Saturday, March 20, 2010

The Weekend Schedule

By Unknown

Christian W. and I decided break up the blogging schedule for the Modern Paleo Blog somewhat. The weekends will be a slight change in pace from the usual blogging on "the principles and practice of nutrition, fitness, and health most conducive to human flourishing." How so?

On Saturdays, the Modern Paleo Blog will publish posts on Ayn Rand's philosophy of Objectivism. Frustratingly, that philosophy is usually poorly understood by its critics -- and by some admirers too. Ayn Rand's principles are often far more radical and complex than people realize. Yet they're also so darn simple and easy -- because they make sense in theory and work in practice.

I suspect that many of Modern Paleo's readers have already devoured Ayn Rand's epic novels The Fountainhead and Atlas Shrugged. (If not, I envy you: you have the unrepeatable experience of reading them for the first time ahead of you!) However, as with so many subjects, digging a bit deeper into Ayn Rand's works reveals hidden gems.

So we -- meaning the various Objectivist bloggers of Modern Paleo -- will be posting on topics such as:

  • Why aren't Objectivists libertarians?
  • What is moral judgment? Why is it crucial for human life?
  • What does it mean to live by reason? Does that mean ignoring emotions?
  • What are the legitimate functions of government? Why is government necessary?
  • What does it mean to be "selfish"? Are people who cheat or use others truly selfish?
  • Why does Objectivism reject all claims to the supernatural, including God?
  • What do the Objectivist virtues require in practice?
In these posts, we'll not attempt to break new philosophic ground. Instead, the goal will simply be to explain the Objectivist position and arguments as clearly as possible, then identify relevant sources for further study.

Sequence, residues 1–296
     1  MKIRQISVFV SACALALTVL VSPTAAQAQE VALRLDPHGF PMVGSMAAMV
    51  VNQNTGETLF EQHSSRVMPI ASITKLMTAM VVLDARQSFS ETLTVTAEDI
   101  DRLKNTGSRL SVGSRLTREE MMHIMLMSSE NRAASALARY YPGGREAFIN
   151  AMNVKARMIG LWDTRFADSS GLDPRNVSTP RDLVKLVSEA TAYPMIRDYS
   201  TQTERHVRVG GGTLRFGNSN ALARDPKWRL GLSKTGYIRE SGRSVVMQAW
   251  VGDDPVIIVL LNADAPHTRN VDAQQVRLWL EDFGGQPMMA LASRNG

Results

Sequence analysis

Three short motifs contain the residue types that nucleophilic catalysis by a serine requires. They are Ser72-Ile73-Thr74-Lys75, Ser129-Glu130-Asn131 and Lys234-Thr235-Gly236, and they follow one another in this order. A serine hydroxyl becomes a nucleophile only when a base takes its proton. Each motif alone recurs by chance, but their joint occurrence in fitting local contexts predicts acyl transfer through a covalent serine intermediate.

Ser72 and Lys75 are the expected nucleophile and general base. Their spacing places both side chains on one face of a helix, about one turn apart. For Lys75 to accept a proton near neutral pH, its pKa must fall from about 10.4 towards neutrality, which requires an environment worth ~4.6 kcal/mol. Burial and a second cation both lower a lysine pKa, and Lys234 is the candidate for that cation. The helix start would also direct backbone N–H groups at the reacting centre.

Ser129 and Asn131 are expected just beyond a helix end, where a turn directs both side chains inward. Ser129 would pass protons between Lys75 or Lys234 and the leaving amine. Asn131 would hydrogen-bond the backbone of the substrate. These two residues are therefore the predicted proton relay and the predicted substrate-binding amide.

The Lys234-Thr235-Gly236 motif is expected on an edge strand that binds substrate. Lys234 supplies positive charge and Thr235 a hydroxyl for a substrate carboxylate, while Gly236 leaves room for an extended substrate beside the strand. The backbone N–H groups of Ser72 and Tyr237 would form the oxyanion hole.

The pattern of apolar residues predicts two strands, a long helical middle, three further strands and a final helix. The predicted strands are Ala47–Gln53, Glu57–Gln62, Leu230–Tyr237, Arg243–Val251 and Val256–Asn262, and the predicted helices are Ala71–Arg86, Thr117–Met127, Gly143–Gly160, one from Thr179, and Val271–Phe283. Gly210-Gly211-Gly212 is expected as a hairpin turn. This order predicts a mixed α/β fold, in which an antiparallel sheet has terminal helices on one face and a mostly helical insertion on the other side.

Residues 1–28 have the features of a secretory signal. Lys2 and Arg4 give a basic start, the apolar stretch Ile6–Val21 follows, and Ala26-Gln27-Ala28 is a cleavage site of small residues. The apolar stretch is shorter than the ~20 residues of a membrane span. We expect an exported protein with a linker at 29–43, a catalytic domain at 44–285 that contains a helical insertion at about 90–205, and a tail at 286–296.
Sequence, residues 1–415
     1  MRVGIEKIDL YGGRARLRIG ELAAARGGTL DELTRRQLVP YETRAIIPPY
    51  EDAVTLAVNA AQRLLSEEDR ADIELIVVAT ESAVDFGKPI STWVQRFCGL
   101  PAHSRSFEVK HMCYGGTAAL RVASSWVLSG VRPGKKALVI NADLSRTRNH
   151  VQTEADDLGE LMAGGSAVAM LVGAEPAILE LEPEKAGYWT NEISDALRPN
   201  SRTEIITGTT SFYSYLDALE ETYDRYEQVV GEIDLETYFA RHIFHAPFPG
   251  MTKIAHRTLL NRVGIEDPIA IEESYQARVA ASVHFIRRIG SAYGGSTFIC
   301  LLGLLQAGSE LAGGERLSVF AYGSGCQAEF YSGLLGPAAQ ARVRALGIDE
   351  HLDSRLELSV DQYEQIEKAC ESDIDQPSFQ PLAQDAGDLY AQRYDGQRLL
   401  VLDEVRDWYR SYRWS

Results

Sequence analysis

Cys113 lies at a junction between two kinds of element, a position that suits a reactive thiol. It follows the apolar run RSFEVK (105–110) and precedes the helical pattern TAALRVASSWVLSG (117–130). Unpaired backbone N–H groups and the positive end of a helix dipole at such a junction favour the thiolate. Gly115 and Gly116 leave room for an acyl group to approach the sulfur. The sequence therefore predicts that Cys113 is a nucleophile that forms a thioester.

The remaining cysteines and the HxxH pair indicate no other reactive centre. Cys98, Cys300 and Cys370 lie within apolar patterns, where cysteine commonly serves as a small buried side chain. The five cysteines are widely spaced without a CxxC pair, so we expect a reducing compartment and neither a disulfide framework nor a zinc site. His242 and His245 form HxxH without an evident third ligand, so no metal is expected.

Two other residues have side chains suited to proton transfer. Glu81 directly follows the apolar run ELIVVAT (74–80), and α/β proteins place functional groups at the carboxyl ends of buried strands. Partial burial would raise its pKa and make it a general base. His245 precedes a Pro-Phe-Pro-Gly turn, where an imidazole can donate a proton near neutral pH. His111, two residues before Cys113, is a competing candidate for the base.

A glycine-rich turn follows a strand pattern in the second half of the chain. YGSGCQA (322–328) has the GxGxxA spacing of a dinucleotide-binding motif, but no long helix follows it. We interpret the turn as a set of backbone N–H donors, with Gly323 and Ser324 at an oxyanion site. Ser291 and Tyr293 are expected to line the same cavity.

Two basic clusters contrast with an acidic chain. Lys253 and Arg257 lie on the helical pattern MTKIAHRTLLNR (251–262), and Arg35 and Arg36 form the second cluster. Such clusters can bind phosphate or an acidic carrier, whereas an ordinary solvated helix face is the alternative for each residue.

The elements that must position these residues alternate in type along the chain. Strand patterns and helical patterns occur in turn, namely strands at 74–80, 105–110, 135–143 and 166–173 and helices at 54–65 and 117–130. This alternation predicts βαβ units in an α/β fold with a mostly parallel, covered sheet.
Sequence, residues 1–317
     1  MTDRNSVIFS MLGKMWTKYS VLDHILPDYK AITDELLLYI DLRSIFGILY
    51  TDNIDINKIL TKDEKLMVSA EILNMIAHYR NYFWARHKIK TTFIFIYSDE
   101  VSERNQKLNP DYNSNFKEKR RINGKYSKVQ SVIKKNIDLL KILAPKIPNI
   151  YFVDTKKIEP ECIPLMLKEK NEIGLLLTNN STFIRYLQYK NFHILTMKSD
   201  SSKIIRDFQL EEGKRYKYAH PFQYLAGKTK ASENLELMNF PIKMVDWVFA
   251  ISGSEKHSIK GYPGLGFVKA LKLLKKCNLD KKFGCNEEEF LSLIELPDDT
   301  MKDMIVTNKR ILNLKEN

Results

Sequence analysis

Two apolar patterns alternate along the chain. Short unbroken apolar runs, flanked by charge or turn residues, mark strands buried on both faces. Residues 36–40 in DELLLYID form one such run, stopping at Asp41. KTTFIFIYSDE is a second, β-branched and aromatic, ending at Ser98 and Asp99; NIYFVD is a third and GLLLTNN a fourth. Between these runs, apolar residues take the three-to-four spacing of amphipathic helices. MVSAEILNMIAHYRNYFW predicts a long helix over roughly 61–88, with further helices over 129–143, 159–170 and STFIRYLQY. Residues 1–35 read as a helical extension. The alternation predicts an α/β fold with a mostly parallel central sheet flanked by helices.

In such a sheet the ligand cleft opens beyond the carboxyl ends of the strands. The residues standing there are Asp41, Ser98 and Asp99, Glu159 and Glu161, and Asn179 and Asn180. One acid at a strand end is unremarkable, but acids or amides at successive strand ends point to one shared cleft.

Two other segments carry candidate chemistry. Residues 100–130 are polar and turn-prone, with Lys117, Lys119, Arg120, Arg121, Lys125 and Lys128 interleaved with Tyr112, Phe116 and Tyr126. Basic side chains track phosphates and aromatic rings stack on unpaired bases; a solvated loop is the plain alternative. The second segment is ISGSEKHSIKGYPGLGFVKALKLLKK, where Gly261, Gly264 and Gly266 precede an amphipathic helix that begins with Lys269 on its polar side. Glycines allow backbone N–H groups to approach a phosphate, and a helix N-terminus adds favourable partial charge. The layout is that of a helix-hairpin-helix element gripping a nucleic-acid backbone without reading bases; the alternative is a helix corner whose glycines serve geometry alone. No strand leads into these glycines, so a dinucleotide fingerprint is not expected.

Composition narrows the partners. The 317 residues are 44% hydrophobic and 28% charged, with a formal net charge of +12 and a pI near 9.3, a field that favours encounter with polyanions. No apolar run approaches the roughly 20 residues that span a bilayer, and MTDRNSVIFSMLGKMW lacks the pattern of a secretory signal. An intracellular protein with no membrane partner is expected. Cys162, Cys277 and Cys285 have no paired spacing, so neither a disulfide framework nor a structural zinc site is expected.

In addition, I'll post a link to the weekly Objectivist blog carnival, "The Objectivist Roundup," on Saturdays. The posts in the Roundup aren't necessarily on Objectivism, but they're all written by Objectivists, mostly by people on my OBloggers e-mail list. You can find this week's Objectivist Roundup on Amy Mossoff's blog, The Little Things.

On Sundays, Modern Paleo will publish posts on free market politics -- particularly as that applies to issues of concern to paleo-eaters, such as in medicine, agriculture, pollution, and the like. I expect that we'll post quite a bit of material from my husband, Dr. Paul Hsieh, as he has been writing and blogging for Freedom and Individual Rights in Medicine (FIRM) for three years. I hope to see some material from Dr. Monica Hughes of FA/RM (Free Agriculture - Restore Markets) and others too.

I'll also post an "open comment thread" on Sundays in the late afternoon. Modern Paleo readers are welcome to any random questions or remarks -- on any topic -- in the comments of those posts. (Please stick somewhat to the topic of the blog post in commenting on other posts.) However, as with all the comments, personal attacks, pornographic material, commercial solicitations, and other inappropriate comments will be deleted from those open threads.

Notably, readers of Modern Paleo who can't stand to read the weekend posts are welcome to ... (drumroll please) ... just not read those posts. However, I expect that most of you will be curious enough -- and honest enough -- to consider what we have to say on philosophy and politics. Whether you agree or disagree with us ultimately, you should find some good food for thought.

We look forward to your questions and comments on these weekend posts, as those will provide us with great material for future posts!

Comment Rules

Rule #1: You are welcome to state your own views in these comments, as well as to criticize opposing views and arguments. Vulgar, nasty, and otherwise uncivilized comments will be deleted.

Rule #2: These comments are not a forum for discussion of any and all topics. Please stay loosely on-topic, and post random questions and comments in the designated "open threads."

Rule #3: You are welcome to discuss the merits (or lack thereof) of products. Spam comments will be deleted.

You can use some HTML tags in your comments -- such as <b>, <i>, and <a>.

Back to TOP